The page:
In our industry, objectivity is key. Unlike the art world, where abstraction and creative freedom are fully embraced, the web design world focuses on usability. The users’ ability to navigate a page, core functionality and the visual hierarchy of our design is arguably more important than the aesthetics itself. Even so, sometimes the functionality of our designs get buried in a website that’s heavily embellished with design elements we chose to apply with little or no reasoning, but for the sake of making it look fashionable.
As a designer myself, I struggle with designing something that’s not only usable, but also visually balanced. As I work, I make sure to ask myself: Is what I’m doing original? Will this withstand the test of time, or is this just part of a trend? Sometimes I end up focusing so heavily on these questions that I begin to doubt all of my work in progress.
When this happens I need to to take myself out of the equation. This means to put my personal reservations or visual preferences aside and plan a purpose-driven design. Focus on enhancing the end user experience and make every call to action intuitive. Always meet the client’s business needs and goals. Make calculated and thoughtful design choices to create a seamless user flow. We as designers should be able to defend every pixel we lay out with confidence and intent.
When we get sidetracked with these aesthetic questions we need to reclaim objectivity.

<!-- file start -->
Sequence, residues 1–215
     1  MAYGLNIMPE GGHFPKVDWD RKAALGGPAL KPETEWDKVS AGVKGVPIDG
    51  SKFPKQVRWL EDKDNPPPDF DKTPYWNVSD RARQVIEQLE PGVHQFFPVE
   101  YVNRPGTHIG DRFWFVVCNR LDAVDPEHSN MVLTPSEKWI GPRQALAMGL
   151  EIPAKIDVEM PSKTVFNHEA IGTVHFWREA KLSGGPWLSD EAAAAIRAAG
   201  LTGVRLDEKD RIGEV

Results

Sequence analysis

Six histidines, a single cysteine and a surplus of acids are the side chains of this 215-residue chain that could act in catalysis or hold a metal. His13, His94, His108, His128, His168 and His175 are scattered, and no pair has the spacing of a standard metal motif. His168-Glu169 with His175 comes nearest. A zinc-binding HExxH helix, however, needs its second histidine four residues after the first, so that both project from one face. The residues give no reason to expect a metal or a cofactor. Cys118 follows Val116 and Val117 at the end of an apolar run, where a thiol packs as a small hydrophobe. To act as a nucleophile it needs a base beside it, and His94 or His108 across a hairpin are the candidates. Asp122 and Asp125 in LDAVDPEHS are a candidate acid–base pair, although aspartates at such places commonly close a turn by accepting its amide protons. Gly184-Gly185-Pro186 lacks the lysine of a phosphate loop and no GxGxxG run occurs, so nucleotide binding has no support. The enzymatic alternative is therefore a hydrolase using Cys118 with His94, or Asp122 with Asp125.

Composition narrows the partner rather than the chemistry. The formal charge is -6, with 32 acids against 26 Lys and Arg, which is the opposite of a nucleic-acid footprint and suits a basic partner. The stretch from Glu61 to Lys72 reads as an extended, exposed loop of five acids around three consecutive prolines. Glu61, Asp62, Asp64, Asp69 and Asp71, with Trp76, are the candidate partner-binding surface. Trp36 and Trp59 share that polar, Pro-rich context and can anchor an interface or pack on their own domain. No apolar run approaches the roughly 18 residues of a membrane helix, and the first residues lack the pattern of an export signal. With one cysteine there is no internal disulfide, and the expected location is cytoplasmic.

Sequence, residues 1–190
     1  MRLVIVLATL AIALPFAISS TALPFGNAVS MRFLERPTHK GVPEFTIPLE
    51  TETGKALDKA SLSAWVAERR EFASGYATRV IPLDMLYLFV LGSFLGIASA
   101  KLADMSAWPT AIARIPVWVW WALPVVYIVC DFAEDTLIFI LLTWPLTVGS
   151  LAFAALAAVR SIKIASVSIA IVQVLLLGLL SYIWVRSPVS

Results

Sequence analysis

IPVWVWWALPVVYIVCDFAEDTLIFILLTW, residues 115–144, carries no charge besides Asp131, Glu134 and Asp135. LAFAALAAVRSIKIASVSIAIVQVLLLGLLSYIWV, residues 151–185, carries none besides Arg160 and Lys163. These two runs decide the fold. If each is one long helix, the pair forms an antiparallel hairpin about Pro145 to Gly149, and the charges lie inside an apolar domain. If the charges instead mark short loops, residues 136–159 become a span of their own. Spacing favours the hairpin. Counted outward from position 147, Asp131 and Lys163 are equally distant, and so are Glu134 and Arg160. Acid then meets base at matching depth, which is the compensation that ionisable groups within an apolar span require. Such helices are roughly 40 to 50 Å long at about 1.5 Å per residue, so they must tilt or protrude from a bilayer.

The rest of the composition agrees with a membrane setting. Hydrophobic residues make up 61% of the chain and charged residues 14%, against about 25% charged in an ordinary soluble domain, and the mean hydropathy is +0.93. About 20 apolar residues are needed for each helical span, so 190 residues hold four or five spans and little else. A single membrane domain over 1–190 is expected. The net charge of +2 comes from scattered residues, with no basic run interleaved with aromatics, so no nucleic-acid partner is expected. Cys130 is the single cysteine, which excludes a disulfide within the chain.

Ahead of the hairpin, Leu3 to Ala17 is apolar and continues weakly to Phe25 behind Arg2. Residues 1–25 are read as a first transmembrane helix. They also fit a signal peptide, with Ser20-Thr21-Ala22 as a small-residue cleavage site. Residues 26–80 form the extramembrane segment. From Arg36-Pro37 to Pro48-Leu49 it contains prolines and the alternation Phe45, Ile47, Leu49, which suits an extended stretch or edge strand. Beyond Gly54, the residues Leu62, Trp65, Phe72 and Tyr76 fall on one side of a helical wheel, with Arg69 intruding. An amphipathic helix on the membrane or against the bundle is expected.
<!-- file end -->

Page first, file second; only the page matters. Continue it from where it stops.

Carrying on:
Renowned husband and wife duo, Charles and Ray Eames, were masters of design with purpose. They were pioneers of designing beautifully functional furniture for ordinary people, among many other influential commodities. They revolutionized modern furniture for the 20th century with one goal in mind—to make the world a better place. They focused on solving everyday challenges by designing practical yet innovative products that can be cost effectively mass-produced. Not only did they improve the quality of life, the outcome of their work was simple, stylish, and timeless.
When asked for his definition of ‘design,’ Charles Eames aptly replied, “One could describe ‘design’ as a plan for arranging elements to accomplish a particular purpose.” Perhaps we can all take a cue from the Eameses. A web site serves similar purposes as an Eames chair; both cater to people, provide an experience, and ultimately fulfill a functional need. The responsibility lies with us as designers to design with purpose.